Borrowers of federally-backed mortgage loans can request a loan forbearance on their payments (without penalties, fees, or interest) for at least 180 days.
Multi-family borrowers may request a similar forbearance for up to 30 days.
In addition, foreclosures on similar mortgage loans are prohibited for at least 60 days and evictions from properties related to several federal programs are also prohibited for a 120 day period.
· Forbearance allows mortgage payments to be suspended for up to 12 months because of economic hardship that was caused by the coronavirus outbreak, however, they are not forgiveness, it is just a temporary pause on monthly payments.
· To receive a forbearance, you must call your mortgage servicer as soon as possible.
· Mortgage servicers are the companies who receive your monthly payments, and is not necessarily the same as your lender.
· Check your mortgage statement to find your servicer.
· If you cannot locate it, then you can look it up here: Mortgage Electronic Registration Systems website.
· You can check with Fannie Mae and Freddie Mac, if your loan is backed by one of them.
· Fannie Mae and Freddie Mac have suspended all foreclosure actions and evictions for at least 60 days because of the coronavirus pandemic.
· Freddie Mac and Fannie Mae also have said they would provide forbearance options to borrowers who were affected by the pandemic.
How do you qualify for Forbearance?
· You must have a mortgage backed by one of the following federal agencies:
o Fannie Mae
o Freddie Mac
o The Federal Housing Administration (FHA)
o The U.S. Department of Veterans Affairs (VA)
o The U.S. Department of Agriculture (USDA)
Questions to be prepared for:
· Why can’t you make your payments?
· Is the problem you are facing temporary or permanent?
· What is the current state of your income, expenses and other assets, including money in the bank?
· Are you a service member with permanent change of station orders?
The stimulus bill provided $30 billion for an Education Stabilization Fund for states, school districts and institutions of higher education to prepare and coordinate responses to COVID-19, and provide grants to support students who rely on school resources.
· Elementary and Secondary Education will receive $13.5 billion through the existing Title I formula, to go directly to states. The funding can be used to:
o Help schools respond to coronavirus and related school closures
o Meet the immediate needs of students and teachers
o Improve the use of education technology and support distance education
o Plan and implement activities related to summer learning and supplemental after-school programs, including providing classroom instruction or online learning during the summer months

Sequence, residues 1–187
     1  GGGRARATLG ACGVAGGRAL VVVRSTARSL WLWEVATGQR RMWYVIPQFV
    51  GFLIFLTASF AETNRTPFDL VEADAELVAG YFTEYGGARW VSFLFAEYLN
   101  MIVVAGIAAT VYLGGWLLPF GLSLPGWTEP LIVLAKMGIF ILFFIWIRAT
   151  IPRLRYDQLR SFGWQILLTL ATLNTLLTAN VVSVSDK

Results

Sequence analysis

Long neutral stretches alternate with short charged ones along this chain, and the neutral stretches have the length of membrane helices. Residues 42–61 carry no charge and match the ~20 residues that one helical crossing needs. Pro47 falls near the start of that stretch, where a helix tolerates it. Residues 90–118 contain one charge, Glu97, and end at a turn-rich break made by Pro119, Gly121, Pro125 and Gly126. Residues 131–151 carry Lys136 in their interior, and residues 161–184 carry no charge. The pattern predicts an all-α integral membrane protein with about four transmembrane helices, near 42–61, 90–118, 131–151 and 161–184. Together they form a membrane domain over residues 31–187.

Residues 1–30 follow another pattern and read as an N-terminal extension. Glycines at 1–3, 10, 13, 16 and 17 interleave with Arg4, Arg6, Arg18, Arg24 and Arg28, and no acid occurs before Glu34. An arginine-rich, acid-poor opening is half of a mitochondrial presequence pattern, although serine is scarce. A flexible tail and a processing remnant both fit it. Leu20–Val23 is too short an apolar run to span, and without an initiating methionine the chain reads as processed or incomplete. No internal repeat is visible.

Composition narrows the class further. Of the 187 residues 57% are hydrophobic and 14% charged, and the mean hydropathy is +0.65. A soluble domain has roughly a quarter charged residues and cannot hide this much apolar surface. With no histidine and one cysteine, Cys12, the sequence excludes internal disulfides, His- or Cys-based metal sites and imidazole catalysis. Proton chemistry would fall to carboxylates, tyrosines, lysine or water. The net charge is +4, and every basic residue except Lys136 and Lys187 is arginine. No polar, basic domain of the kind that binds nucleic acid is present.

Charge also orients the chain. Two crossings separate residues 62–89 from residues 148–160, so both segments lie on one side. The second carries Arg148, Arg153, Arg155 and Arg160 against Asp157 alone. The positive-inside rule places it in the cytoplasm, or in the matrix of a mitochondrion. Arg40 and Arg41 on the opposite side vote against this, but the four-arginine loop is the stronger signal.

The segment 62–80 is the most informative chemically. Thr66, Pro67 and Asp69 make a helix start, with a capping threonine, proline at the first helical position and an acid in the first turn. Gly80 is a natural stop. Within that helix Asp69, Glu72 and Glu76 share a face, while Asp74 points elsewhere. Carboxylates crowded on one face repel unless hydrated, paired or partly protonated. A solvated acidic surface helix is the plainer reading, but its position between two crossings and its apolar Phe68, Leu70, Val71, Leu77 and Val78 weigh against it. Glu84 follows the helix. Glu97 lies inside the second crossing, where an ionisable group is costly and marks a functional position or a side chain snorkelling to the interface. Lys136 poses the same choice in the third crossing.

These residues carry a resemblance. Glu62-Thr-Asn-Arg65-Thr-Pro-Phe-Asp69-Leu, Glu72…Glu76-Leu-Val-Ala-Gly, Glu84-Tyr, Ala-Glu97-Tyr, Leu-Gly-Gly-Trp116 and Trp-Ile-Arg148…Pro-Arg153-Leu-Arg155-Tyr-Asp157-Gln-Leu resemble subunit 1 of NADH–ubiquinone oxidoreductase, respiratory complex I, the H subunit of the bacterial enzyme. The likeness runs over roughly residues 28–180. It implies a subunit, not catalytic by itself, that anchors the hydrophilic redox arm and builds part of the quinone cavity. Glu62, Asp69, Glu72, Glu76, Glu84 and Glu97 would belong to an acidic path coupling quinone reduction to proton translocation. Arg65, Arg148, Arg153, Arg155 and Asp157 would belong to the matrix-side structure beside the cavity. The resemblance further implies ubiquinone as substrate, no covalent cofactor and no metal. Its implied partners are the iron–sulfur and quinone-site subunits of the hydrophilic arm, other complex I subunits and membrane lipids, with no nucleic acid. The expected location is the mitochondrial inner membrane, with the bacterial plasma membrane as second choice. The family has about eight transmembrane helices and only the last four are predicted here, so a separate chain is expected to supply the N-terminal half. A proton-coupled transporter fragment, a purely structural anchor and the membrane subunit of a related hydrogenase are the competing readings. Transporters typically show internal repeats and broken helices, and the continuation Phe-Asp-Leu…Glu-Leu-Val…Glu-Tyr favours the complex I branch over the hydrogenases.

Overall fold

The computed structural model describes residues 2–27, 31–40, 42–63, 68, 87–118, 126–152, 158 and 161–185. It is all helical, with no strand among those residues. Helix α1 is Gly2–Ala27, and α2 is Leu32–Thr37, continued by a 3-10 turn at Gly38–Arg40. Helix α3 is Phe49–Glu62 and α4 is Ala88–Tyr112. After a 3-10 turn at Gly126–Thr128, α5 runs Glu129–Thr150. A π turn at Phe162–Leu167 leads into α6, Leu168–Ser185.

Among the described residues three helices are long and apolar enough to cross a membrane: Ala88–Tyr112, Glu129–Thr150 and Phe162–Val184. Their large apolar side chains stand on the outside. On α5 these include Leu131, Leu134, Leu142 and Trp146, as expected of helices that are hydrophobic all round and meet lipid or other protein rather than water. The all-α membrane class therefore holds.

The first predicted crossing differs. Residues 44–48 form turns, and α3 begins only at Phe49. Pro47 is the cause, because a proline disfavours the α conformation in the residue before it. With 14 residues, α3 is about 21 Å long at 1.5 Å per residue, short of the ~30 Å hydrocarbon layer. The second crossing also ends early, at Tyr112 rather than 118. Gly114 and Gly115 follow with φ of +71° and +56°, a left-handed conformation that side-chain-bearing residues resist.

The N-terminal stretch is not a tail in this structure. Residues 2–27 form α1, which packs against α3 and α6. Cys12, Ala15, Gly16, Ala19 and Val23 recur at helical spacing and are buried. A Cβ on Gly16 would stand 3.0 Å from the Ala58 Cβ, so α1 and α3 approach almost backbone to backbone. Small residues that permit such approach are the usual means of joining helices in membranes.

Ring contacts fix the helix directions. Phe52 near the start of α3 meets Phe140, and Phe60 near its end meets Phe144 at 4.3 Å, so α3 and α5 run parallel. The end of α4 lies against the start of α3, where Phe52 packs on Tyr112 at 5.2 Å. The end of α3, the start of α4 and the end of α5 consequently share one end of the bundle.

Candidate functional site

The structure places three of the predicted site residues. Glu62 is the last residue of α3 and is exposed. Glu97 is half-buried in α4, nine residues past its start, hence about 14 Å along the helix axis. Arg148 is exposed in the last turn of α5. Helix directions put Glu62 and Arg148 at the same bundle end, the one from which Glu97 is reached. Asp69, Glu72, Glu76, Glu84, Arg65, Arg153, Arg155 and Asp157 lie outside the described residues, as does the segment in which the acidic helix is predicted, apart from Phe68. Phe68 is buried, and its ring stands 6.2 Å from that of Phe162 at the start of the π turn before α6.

o Address the needs of low-income students, students with disabilities, English learners, migrant students, students experiencing homelessness, and children in foster care
o Provide mental health services and support
o Purchase technology
o Other activities necessary to maintain the operation of and continuity of services and continuing to employ existing staff of the local educational agency
· Institutions of higher education will receive $14 billion in flexible funding to defray lost revenue, technology costs associated with a transition to distance education and grants to students for food, housing, course materials, technology, health care, and childcare.
· Federal Student Loans: The stimulus bill includes provisions to relax or clarify current regulations on for student borrowers.
o You have the option to stop paying federal student loans through September 30, 2020, and you will face no penalties or late fees. This is only for loans that are owned by government agencies such as Direct Loans. This policy does not include private student loans or FFEL Loans.
o There is also no interest on federal student loans through September 30, 2020, which means no new interest will occur.
o The U.S. Department of education has suspended debt collection for those who are in default on their federal student loans. Your wages, tax refunds, and Social Security benefits cannot be garnished at this time to collect payments.
o If you have student loans that are not eligible for suspended payments, and you are struggling to keep up with them, you should contact your lender to ask about reducing the monthly payment, interest rate, or forbearance. With forbearance, interest will still accrue.
o If you have questions about a lender’s polices, you can contact Senator Carlucci’s office for assistance at (845) 623-3627.
The stimulus bill provides an eviction moratorium for 120 days for tenants in federally-backed housing. You cannot be served with an eviction notice until July 25, 2020, and the notice must give you 30 days to leave the property. In the 120-day period, your landlord may not charge you late fees, penalties, or other charges for paying your rent late. It's important to note that the eviction moratorium does not relieve you of your obligation to pay your rent.
New York State has also taken aggressive action to protect renters, ensuring a statewide eviction moratorium for 90 days for all residential and commercial tenants. Eviction proceedings have also been halted and cannot continue until at least April 19th. The eviction moratorium does not cancel rent payments so in 90 days you would still owe backed rent. If you believe you will not be able to make your rent, you should let your landlord know as soon as possible that you recently suffered a financial loss of income, and they may be able to come to an agreement with you to work out a payment plan.
If you are having difficulties with a landlord or a pending eviction, please contact my office at (845) 623-3627, and we can get you in touch with Legal Services of the Hudson Valley.
For Daily Updates, visit my website at www.SenatorCarlucci.com or follow me on Facebook, Instagram, or Twitter.